Chinese Calligraphy and Early Buddhist Manuscripts

Tsui, Chung-hui 崔中慧 (2020) Chinese Calligraphy and Early Buddhist Manuscripts. Oxford: Indica et Buddhica.

Tsui, Chung-hui 崔中慧 (2020) Chinese Calligraphy and Early Buddhist Manuscripts. Oxford: Indica et Buddhica.Short description

The discovery of the Dunhuang and Turfan manuscripts in the early 20th
century provided scholars with new material with which to examine
early Buddhist scribal culture. This monograph considers the culture
of early sacred writing, and the role of early Buddhist scribes,
scribal workshops, scriptural calligraphy, and the expertise of these
scribes, for the history of Chinese calligraphers and calligraphy.

Held

University of Cambridge
Collège de France – Bibliothèque d'études chinoises
Universiteit Gent
Universiteit Leiden
National Palace Museum Library, Taipei
Yangzhou Museum
The Guyuan Museum of Ningxia
The Palace Museum, Beijing
› Wuwei City Museum
Taitō City Calligraphy Museum, Tokyo
Gansu Provincial Museum, Lanzhou
Lüshun Museum, Dalian
› Dunhuang Research Academy


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Hardcover – ISBN 978-0-473-54010-4
8.5 x 11 in, Colour, Case Laminate, 180pp.
US$229.00 · £169.00 (UK) · €197.00

Softcover –​ ISBN 978-0-473-54009-8
8.5 x 11 in, Colour, Perfect Bound, 180pp.
US$187.00 · £137.00 (UK) · €159.00

Global distribution –​ Indica et Buddhica


Bibliographic details

National Library of New Zealand · Te Puna Mātauranga o Aotearoa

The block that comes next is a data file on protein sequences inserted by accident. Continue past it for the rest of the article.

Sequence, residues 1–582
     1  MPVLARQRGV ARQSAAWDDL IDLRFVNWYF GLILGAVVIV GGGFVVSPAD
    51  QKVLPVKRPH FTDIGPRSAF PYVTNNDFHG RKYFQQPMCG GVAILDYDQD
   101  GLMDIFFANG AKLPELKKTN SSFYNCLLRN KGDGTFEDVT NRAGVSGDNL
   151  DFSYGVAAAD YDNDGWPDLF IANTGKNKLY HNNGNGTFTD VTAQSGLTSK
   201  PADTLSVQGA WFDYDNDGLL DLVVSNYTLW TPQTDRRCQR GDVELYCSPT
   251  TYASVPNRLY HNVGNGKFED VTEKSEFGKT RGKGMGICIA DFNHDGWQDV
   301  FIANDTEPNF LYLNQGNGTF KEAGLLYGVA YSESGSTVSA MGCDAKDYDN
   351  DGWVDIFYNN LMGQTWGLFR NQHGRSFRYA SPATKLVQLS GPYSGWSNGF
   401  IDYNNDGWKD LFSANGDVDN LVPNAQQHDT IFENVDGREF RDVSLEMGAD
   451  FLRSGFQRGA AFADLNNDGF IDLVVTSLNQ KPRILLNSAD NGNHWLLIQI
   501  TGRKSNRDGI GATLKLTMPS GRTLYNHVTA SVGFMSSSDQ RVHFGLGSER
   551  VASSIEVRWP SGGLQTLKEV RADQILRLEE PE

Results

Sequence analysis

Abstract

The earliest extant Chinese Buddhist manuscript the Buddhasaṅgīti-sūtra was excavated at Toyuq in Turfan. It is dated the 6th year of the Yuankang era (296 CE) during the Western Jin Dynasty (266–316 CE). This sūtra is a copy by Zhu Fashou, one of Dharmarakṣa's monk disciples, a distinctive scribe on the translation team. Both historical documentation and archæological findings of the period when Buddhism was initially transmitted into China demonstrate that the copying of Buddhist texts by monk scribes from Central Asia played a key role. The work of these scribes also enhanced the creation of diverse and vigorous calligraphic styles from the 3rd to 5th centuries. However, before the 20th century, early Buddhist scribes or foreign scribes were little known in the history of Chinese calligraphy, or in official records.

The discovery of the Dunhuang and Turfan manuscripts in the early 20th century provided scholars with new material with which to examine early Buddhist scribal culture. This monograph considers the culture of early sacred writing, and the role of early Buddhist scribes, scribal workshops, scriptural calligraphy, and the expertise of these early scribes, for the history of Chinese calligraphers and calligraphy.

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PDF –​ ISBN 978-0-473-54012-8